This book includes a plain text version that is designed for high accessibility. To use this version please follow this link.
“It’s really made the bikeway a linear park along the river,” he said. “People can go along and enjoy the river, stop and enjoy places along the way. It ties communities together— par- ticularly the communities that aren’t right on the interstate. I think it’s a tremendous asset for the whole region.”


Developing the river corridor


While the Great Miami River has gained state and federal water trail status, supporters say there is still work to do for better access and amenities. “I think we’re in a process of con- tinuing to activate our waterways in new and innovative ways,” said Leslie King, director of the Rivers Institute, a University of Dayton initiative that works to promote and protect the wa- tershed. “We’re trying to think how to leverage each of the riverfront cities as unique assets of the experience, with  At the request of MCD and the Montgomery County Commission in 2012, the U.S. Army Corps of Engineers conducted a study on 99 miles of the river corridor. The study pointed out many strengths along with some chal- lenges.


It touted the “extensive network” of both the bikeway and water trails, dozens of riverfront parks, and devel- opments in many cities. But it also pointed out problems, such as low-head dams that require por- tages, the need for more accommoda- tions along the river for overnight stays, and a lack of activity hubs in some communities. Still, the Army Corps found that the corridor was “headed in the right direc- tion.”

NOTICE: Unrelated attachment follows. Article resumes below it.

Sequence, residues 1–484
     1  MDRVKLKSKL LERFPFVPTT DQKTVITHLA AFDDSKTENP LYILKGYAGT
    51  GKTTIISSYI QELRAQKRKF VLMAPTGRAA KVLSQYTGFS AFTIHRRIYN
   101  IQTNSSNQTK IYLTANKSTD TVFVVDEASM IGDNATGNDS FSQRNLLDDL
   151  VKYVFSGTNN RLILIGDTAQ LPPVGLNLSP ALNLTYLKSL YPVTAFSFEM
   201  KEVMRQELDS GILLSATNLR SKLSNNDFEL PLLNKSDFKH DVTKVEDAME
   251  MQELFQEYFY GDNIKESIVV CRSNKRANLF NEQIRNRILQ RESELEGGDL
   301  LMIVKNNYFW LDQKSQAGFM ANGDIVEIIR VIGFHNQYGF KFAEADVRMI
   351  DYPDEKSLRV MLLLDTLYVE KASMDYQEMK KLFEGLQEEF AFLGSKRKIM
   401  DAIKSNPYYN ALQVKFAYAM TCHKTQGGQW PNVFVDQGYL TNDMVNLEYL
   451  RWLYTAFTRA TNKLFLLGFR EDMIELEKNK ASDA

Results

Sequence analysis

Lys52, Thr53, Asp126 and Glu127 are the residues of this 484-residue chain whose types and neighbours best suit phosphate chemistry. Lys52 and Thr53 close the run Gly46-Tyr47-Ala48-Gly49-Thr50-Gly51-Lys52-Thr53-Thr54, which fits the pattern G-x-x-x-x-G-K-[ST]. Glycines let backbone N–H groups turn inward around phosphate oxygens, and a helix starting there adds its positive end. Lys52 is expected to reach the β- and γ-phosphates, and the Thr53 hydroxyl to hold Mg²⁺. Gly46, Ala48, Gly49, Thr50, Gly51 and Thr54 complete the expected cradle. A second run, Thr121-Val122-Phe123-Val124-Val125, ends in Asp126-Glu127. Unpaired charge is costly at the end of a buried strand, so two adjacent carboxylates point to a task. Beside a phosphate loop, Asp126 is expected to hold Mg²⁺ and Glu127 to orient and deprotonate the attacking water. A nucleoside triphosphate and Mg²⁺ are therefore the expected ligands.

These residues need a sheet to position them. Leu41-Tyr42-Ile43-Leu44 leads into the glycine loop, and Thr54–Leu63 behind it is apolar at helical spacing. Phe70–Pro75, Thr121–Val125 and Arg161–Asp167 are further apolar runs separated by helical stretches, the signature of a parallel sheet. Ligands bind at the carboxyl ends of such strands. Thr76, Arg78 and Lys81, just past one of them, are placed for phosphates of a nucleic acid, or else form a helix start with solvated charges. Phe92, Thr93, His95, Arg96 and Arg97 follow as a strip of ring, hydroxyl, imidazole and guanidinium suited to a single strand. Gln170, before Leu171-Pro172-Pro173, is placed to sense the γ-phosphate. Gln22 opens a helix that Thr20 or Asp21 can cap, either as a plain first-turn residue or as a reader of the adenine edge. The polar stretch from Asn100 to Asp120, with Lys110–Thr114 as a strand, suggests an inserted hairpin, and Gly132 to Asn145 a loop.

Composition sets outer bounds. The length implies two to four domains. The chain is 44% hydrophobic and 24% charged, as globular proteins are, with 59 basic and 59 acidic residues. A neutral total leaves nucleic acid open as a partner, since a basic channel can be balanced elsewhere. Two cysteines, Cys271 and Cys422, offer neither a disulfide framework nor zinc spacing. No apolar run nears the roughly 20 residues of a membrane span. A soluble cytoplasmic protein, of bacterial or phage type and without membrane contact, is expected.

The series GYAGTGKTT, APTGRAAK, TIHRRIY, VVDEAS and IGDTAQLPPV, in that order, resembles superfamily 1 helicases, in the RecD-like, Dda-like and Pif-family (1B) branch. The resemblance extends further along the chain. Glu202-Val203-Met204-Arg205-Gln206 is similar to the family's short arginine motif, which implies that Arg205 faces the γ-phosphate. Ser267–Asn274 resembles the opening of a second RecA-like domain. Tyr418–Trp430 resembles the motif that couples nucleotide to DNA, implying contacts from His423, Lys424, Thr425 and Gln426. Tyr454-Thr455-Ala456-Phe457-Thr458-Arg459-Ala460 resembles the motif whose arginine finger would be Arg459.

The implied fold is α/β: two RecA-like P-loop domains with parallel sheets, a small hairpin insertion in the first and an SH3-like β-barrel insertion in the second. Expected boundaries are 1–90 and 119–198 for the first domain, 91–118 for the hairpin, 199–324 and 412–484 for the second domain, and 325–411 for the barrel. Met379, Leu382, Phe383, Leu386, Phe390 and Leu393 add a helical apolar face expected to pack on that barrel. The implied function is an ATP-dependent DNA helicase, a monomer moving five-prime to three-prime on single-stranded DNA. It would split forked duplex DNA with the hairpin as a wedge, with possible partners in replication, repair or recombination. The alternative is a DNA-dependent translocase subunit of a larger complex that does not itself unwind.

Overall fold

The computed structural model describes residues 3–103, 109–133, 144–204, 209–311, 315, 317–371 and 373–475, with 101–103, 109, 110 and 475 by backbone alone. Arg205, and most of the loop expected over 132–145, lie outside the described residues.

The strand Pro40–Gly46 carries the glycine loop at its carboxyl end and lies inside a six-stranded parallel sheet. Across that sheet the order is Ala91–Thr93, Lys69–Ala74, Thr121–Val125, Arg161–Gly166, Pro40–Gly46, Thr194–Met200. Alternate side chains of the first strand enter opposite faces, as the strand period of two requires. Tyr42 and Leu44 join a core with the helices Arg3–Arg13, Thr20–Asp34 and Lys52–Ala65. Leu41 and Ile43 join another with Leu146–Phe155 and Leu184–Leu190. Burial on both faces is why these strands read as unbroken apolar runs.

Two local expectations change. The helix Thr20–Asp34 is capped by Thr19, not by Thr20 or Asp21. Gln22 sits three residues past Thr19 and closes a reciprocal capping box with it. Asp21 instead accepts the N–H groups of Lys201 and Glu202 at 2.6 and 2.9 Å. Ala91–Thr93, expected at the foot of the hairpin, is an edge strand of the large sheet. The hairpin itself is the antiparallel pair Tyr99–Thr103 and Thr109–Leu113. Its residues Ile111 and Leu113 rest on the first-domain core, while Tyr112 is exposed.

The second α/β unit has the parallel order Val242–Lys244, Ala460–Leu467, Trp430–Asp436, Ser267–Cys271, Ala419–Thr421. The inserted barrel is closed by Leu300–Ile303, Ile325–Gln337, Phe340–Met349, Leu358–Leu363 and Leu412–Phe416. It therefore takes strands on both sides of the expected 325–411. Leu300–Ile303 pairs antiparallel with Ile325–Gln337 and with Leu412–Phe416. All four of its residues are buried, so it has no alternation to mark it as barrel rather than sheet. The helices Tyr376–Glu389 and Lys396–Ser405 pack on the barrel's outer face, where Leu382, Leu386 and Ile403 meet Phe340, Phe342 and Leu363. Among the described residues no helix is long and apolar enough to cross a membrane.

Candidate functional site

With recent improvements through  a low-head dam and construction of a white water play area, King says things are moving in the right direction. “I really enjoy the stretch from the Mad River where you start up at


Eastwood (MetroPark) and experience the riparian zone, and then you get into one mile of small, industrial landscape, and then down into the riverfront cityscape.”


A visitor’s perspective


The river corridor isn’t just attractive to residents. The Great Miami River Bike- way and the greater bike network also draws people from all over the country, Manuszak said.


Cindy Rowe is a retired software engineer who lives in Silicon Valley and has done bike tours all over the nation. She and a friend like to do self-support- ed trips about 400 miles long, but most of the long trails she’s found, such as the Katy Trail in Missouri or the Great Allegheny Passage Trail from Pittsburg to Washington, D.C., are predominantly gravel or crushed limestone. Rowe much prefers paved trails, and doesn’t want to ride on roads.


Then she came to visit her sister in Cincinnati and found the region’s trail network on miamivalleytrails.org. “There are all these beautifully paved


trails, and they’re everywhere,” Rowe said. “It’s the best in the country, I have to say that. Clearly, it’s the most exten- sive network of paved trails, with no vehicles, anywhere.” And the Great Miami Trail, she said, was the most fun on her trip. “We did it in the fall, and there were fes- tivals in every town,” she said. “It goes through a lot of parks. The end points are both very attractive.”


She especially enjoyed RiverScape


MetroPark and the Oregon District, both in downtown Dayton. “You feel totally safe,” Rowe said.


“There are people all around having a really good time. It’s just a nice, nice trail to ride.”


Ken McCall is the former database report- er, now retired, for the Dayton Daily News/Cox Media Group Ohio and an avid cyclist. He is a member of Bike Miami Valley, where he serves as co-chairman of the Regional Advocacy Committee; the Dayton Cycling Club; the Ohio Bike Federation; and the League of American Bicyclists. For maps and trail information visit www.miamivalleytrails.org.


The trail includes many opportunities for camping 19


Page 1  |  Page 2  |  Page 3  |  Page 4  |  Page 5  |  Page 6  |  Page 7  |  Page 8  |  Page 9  |  Page 10  |  Page 11  |  Page 12  |  Page 13  |  Page 14  |  Page 15  |  Page 16  |  Page 17  |  Page 18  |  Page 19  |  Page 20  |  Page 21  |  Page 22  |  Page 23  |  Page 24  |  Page 25  |  Page 26  |  Page 27  |  Page 28  |  Page 29  |  Page 30  |  Page 31  |  Page 32  |  Page 33  |  Page 34  |  Page 35  |  Page 36  |  Page 37  |  Page 38  |  Page 39  |  Page 40